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New tool for African genomics

Genome-wide association studies (GWAS) in Africa are not as straightforward as such research among populations of people of European or Asian ancestry, because African populations are much more genetically diverse. But researchers studying malaria resistance in western Africa say they've found a way to make African GWAS work. An international team of researchers report in this week's issue of __Nature Genetics__ that it's possible to perform genome-wide studies to probe for genes behind disease

Bob Grant
Bob Grant

Bob Grant is Editor in Chief of The Scientist, where he started in 2007 as a Staff Writer.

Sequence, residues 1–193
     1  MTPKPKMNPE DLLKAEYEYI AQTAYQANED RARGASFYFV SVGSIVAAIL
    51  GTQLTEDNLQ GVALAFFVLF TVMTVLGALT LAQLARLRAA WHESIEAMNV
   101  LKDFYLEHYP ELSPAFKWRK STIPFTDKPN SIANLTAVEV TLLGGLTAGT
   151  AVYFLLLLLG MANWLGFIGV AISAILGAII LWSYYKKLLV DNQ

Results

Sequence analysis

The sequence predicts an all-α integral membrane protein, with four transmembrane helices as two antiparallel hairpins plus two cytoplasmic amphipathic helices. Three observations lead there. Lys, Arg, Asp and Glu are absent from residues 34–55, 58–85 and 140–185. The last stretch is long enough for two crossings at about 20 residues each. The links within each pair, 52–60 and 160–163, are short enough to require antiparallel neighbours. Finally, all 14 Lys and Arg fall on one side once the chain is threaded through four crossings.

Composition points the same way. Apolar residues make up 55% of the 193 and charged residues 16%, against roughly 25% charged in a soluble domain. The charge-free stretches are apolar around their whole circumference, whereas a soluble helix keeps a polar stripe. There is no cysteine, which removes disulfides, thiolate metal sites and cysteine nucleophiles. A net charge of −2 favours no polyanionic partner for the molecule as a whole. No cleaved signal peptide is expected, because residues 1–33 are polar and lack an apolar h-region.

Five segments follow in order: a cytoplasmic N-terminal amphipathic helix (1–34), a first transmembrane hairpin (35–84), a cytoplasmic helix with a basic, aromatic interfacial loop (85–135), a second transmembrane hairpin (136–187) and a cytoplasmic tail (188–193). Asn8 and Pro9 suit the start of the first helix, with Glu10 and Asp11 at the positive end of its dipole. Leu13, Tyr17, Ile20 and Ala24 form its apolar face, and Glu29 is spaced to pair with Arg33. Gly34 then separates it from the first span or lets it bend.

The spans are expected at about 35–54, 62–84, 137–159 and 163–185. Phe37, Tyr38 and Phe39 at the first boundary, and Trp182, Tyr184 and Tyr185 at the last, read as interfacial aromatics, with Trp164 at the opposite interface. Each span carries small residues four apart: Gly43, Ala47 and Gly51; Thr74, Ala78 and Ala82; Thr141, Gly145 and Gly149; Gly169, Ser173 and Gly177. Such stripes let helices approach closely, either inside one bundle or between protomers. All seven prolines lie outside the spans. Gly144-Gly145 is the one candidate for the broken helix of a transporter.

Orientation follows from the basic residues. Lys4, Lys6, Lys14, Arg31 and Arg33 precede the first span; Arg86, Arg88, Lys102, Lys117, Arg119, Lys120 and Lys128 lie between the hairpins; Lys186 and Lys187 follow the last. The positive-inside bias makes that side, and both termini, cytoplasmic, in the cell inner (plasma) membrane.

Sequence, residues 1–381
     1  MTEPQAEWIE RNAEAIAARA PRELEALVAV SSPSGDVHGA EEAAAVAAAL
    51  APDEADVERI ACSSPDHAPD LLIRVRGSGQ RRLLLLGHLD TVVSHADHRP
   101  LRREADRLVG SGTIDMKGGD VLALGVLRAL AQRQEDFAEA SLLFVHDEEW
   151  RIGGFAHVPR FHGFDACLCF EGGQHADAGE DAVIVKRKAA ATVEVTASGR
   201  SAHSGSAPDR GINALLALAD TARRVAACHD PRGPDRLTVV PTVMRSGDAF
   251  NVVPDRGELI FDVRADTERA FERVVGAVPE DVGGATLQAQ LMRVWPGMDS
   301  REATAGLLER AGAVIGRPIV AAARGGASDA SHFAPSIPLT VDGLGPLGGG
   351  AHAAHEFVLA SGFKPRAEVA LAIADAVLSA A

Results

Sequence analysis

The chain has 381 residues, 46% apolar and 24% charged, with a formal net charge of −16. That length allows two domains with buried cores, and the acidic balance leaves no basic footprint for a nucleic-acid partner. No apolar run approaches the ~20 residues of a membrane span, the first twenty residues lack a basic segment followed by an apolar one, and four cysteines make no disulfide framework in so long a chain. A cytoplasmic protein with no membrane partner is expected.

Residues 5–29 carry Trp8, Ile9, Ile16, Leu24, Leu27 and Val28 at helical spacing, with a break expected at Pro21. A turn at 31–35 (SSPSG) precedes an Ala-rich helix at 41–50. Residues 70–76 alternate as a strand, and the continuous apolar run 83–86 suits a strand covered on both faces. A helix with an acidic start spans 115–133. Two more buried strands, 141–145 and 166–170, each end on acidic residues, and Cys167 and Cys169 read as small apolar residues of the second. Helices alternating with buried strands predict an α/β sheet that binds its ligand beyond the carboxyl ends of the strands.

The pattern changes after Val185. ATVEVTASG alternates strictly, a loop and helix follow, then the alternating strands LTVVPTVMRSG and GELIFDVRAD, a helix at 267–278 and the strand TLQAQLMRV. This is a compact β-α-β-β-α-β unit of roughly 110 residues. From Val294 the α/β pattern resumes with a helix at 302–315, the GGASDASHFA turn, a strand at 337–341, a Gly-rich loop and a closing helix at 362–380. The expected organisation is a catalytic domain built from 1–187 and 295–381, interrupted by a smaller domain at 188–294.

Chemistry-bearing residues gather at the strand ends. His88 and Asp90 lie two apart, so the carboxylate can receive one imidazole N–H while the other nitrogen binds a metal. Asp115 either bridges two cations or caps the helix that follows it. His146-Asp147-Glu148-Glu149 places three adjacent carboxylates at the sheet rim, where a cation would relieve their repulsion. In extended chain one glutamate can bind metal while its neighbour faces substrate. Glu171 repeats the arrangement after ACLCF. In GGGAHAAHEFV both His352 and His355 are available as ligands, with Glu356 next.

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Genome-wide association studies (GWAS) in Africa are not as straightforward as such research among populations of people of European or Asian ancestry, because African populations are much more genetically diverse. But researchers studying malaria resistance in western Africa say they've found a way to make African GWAS work. An international team of researchers report in this week's issue of __Nature Genetics__ that it's possible to perform genome-wide studies to probe for genes behind disease in the highly diverse African genomic landscape by combining GWA data, which identify disease-associated regions of the genome, with more specific, robust sequencing data -- like those gathered by the 1000 Genomes Project. "We need to investigate the African population, but it is intrinsically more difficult to study because of its genetic heterogeneity," said linkurl:Pablo Gejman,;http://nuin.northwestern.edu/nuin-content/faculty-records/pablo-v-gejman/?searchterm=gejman director of the Center for Psychiatric Genetics at the North Shore University Health System in Evanston, Ill. The study "shows...

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